Why am I taking this picture?


Quadophile

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When you delve into the realms of photography you need to consider two kinds of stuff: the thinking stuff – the way you take pictures (planning, composing and shooting) – and the gear stuff - tools to be engaged (camera, flash, accessories). You can actually improve your photography with either kind, but, if in the first place you have no clue about shooting, the other stuff, meaning gear, cannot possibly help you in any way. “Get the latest and highest – megapixel camera or scanner, and you’ll get better pictures.” That reasoning may work for truly antiquated equipment, but new gear won’t fix how you take pictures.
To create eye-stopping photos, use complementary colors. Complementary colors are opposite each other in the color wheel, such as red/green, blue/orange, and yellow/violet. When you place complementary colors next to each other, they make each other appear brighter. And because these colors are equal in value, combining complementary colors creates strong color contrast. If you're shooting with a digital camera, you'll get the best color by setting the white balance to match the light in the scene.

If you're shooting with a digital camera, take the meter reading on the highlights in the scene and shoot using that exposure. If you're shooting with film, take a meter reading on a shadow area, and take the picture using that exposure.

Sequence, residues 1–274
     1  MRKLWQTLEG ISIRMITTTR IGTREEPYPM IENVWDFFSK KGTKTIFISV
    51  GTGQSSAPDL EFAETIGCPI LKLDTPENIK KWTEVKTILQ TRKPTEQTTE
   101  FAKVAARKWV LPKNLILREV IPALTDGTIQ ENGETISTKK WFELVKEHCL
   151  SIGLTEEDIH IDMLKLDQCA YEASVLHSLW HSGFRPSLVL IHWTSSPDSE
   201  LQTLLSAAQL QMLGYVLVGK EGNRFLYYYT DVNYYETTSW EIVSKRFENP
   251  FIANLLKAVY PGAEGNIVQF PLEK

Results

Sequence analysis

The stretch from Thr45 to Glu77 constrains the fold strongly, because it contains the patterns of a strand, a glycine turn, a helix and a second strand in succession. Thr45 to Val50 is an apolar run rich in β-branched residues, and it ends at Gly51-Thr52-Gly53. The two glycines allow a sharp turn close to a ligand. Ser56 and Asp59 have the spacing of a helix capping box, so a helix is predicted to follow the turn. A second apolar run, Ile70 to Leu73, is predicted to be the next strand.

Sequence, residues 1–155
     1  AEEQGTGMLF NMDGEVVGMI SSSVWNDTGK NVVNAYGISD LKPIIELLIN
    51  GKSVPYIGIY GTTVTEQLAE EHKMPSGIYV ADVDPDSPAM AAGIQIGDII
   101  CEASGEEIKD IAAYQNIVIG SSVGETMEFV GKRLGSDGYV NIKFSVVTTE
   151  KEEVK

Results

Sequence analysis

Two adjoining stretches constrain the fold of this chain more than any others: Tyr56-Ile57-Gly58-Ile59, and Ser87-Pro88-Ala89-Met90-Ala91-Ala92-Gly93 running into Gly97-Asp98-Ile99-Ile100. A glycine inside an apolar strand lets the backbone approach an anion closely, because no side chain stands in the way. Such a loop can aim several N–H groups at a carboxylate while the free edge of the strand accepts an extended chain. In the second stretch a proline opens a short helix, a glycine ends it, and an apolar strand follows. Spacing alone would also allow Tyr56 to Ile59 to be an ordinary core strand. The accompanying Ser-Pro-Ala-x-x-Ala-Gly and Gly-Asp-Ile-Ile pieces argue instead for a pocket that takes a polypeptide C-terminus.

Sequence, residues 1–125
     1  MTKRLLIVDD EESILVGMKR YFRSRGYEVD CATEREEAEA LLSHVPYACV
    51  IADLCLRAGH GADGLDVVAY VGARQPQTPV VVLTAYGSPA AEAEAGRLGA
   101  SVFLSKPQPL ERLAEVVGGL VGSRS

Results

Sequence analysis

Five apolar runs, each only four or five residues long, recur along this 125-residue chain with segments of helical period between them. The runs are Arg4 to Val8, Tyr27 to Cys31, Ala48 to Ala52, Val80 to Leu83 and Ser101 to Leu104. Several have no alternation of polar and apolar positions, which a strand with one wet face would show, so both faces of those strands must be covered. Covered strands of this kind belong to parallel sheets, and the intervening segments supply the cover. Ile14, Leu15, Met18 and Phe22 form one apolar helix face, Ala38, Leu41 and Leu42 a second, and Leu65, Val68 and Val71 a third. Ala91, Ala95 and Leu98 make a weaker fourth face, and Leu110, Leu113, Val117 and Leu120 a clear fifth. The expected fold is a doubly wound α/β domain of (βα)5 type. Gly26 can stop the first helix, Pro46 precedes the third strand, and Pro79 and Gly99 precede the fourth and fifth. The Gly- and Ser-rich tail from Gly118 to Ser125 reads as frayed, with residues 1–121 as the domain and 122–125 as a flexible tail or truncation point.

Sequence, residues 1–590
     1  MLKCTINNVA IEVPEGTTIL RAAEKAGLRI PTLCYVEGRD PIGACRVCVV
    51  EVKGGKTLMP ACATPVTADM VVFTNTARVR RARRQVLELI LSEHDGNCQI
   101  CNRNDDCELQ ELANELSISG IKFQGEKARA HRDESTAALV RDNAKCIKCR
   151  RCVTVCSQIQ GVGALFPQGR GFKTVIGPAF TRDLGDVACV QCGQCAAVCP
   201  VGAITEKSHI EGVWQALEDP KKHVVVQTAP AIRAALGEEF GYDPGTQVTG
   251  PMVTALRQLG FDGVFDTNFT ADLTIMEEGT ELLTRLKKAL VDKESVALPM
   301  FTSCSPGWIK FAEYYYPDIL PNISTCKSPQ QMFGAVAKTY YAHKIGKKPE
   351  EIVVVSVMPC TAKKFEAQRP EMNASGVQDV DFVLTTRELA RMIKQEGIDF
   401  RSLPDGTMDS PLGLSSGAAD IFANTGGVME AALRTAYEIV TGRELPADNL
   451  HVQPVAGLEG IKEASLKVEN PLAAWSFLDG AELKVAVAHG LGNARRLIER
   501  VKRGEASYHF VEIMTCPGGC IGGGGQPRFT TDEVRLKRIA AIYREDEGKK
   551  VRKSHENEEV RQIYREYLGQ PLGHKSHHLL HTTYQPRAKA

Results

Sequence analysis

My picture entitled "The Rose" was a slide but when I copied it from the slide duplicator through the Nikon Coolpix 995 digital camera using the Nikon Slide copier ES-E28, I metered on the rose using spot meter facility.



Natural expressions are fleeting.
If you're not prepared to shoot and you say "wait, don't move," your subject may become self-conscious trying to hold an expression or pose. Instead, just shoot whether you're ready or not, and keep shooting as you make the necessary camera adjustments. It's much easier to delete a bad digital picture or throw away a film print than it is to recapture spontaneity and keep the subject engaged.
Picture of "My Son" playing on the beach and getting his hands dirty as well as "My daughter" sitting on a park bench are examples of such situation. You need the subject to be oblivious of his/her surroundings to create a better-looking image.















Develop your own cliché meter. If you see a picture and think, "this looks just like...", then look again and ask yourself how you could express the scene from a new point of view.










The picture "Geometric Expressions" is a an example of an unusual view point. This was one of the very few occasions since I started photography that I actually looked up and composed a shot.